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Do- Nothings and Mugwumps

Republicans and Democrats

by Everett Wilson
January 31, 2010

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Do- Nothings and Mugwumps

Senator VoteNo Brown from Massachusetts ran on a function, so he doesn't need a name.

He deserves some limited fame, however, because his election wrought a miracle in the field of mathematics. Though forty-one out of a hundred has never before constituted a majority in the history of the universe, it does now—at least according to the Republican party and the major news outlets.

The degree of fatuity demonstrated by their analysis evokes a memory from twenty years ago, when the Clintons were barely on the horizon and the Republicans thought they owed George the First another term.
Around that time Donna and I were in Chicago visiting our two youngest sons, in their last undergraduate years of college; and our youngest daughter, married to a seminarian and the mother of our first grandchild. We were out for dessert and coffee one evening, our guests being the roommate of one son and the future wife of the other. We basked in the presence of all the bright young people. (They are still bright, but edging toward middle age.)

Politics was in the Chicago air, and blowing across our table. In that conversation, I announced that it was time for a new party. Either the Republicans or Democrats would be replaced; I didn't know which. At the time I didn't care which.

During the silliness of the past two weeks there has been a perfect storm in which both national parties demonstrated their unfitness to govern, and the mainstream media demonstrated their incompetence to comment on it. The outcome for me is that I no longer think that one of the parties should be replaced. I think both must join the Whigs and the Dixiecrats in oblivion if the United States is to survive in recognizable form. The parties are not a symptom of our problem. They are the problem.

The Republicans are lemmings rushing to destruction in their pursuit of party loyalty, while the Democrats have demonstrated neither the moral courage nor the political competence to turn their majority into intelligent and effective legislation for the common good. To borrow political epithets from the past, the Republicans are today's Do-Nothing Party, and the Democrats are today's Mugwumps. (There is a fictitious but descriptive etymology for "mugwump" which I first learned in college, and which you will find cited in the Dictionary of Colloquialisms: "a bird who sits with its mug on one side of the fence and its wump on the other, ready to fly any way the wind blows." That is a pretty good description of the Democrats since they treated VoteNo's election as a major realignment of our political world, instead of as what it is: an anomaly of the sort that elected Jesse Ventura as a one-term governor of Minnesota.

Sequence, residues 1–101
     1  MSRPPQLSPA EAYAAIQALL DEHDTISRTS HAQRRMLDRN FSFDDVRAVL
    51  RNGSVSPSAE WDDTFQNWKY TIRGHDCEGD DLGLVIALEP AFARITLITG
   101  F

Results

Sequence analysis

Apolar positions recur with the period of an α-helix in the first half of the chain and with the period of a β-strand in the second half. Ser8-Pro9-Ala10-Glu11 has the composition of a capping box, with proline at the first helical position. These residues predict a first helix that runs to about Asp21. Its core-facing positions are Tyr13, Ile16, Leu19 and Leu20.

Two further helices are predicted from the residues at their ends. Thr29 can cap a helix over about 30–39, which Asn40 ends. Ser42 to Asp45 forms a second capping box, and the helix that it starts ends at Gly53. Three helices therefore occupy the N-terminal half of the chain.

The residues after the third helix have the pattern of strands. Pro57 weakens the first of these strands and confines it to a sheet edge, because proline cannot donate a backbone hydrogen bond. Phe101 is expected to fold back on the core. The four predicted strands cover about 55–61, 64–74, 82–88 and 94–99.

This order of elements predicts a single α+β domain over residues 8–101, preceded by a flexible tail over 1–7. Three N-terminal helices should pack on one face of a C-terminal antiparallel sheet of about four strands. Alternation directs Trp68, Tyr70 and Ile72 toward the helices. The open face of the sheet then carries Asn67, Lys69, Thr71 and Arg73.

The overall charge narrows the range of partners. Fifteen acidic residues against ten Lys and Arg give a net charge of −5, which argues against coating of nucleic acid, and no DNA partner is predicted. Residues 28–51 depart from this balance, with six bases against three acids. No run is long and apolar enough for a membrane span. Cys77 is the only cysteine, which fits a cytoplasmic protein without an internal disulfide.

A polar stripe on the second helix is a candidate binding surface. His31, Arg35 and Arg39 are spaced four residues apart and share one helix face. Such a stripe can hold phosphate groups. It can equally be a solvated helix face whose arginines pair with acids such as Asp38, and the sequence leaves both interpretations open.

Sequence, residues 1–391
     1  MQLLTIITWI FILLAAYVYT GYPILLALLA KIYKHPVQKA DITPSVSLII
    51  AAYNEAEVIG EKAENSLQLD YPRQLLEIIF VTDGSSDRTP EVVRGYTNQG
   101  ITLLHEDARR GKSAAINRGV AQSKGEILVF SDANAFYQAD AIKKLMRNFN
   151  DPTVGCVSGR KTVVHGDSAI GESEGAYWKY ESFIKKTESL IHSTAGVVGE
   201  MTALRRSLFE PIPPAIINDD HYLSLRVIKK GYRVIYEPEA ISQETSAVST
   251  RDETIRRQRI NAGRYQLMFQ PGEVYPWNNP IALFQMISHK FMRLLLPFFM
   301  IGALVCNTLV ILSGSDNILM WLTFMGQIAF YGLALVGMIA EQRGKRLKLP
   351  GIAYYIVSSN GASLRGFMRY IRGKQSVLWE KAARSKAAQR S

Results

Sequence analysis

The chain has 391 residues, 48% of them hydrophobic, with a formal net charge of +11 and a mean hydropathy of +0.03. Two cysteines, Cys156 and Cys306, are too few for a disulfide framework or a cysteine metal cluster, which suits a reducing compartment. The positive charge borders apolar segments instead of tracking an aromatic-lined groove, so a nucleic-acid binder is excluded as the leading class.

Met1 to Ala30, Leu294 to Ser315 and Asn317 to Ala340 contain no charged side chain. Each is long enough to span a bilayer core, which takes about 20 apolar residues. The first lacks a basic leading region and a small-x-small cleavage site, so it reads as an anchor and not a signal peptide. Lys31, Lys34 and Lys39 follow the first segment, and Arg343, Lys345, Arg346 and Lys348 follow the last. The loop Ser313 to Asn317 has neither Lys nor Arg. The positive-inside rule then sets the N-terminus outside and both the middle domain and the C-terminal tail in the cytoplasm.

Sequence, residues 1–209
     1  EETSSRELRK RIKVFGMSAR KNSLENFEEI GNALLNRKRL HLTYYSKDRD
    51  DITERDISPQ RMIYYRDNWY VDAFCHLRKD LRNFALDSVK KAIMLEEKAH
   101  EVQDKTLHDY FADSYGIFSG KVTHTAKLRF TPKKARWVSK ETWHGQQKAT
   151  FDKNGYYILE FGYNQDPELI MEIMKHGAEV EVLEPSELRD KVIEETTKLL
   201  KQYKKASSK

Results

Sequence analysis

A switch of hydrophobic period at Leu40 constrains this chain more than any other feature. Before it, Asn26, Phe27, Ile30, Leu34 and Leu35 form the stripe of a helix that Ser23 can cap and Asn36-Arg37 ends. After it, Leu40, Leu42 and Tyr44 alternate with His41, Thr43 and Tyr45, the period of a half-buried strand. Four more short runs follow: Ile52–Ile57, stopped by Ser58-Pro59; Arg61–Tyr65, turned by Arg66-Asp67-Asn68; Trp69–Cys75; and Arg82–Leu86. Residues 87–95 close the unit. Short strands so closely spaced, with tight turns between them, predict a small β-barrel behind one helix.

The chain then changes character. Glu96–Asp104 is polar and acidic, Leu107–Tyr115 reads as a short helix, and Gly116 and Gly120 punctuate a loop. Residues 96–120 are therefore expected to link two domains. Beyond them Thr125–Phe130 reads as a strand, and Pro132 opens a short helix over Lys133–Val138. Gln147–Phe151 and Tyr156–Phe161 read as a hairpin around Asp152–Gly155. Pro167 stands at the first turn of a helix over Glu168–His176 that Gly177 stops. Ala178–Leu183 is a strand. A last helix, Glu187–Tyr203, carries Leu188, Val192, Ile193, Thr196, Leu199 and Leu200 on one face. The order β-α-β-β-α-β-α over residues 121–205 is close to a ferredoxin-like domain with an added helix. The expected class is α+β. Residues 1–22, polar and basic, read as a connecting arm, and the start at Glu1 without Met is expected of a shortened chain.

Since the Democrats have fallen for the illusion that VoteNo represents something, they are on a frantic search for somebody to please. Right now they seem to be offering a smorgasbord of multiple-choice idiocies for us to choose from. As vacuous as this is, it is probably less dangerous to the public good than the single idiocy of the Republicans, "Just vote no."

The Republicans will probably disappear first, since the dream ticket of so many of them seems to be Sarah Palin for President with VoteNo as her running mate. This would be political suicide for the Republicans, but at least they wouldn't be able to blame anybody else for it. It would also give responsible citizens, from all current parties and none, the time to organize a real political party before 2016, which will be a watershed year for better or worse.

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Bob McNaughton from Middletown, CT writes:
January 31, 2010
Senator VoteNo vowed to honor his name by voting against health insurance reform, AND to vote against banking reform! I'm sure he is the Jesse Ventura of Massachusetts, as you suggested. Regarding the two parties: have they become too big to fail? Won't they keep getting propped up? Won't those in positions of power do whatever it takes to repress new parties and keep present parties large?

On the matter of health care reform, I've been very surprised at the response of so many church members: they are so afraid of their own health care plans being somewhat downsized by any reform that they are against ALL reform. However, when folks lose their insurance for one reason or another, they become more interested in reform. With 17,000 losing insurance coverage every day, the momentum should eventually be in favor of some change, and even the Republicans should be able to read that change in the polls.

Good writing, Everett!

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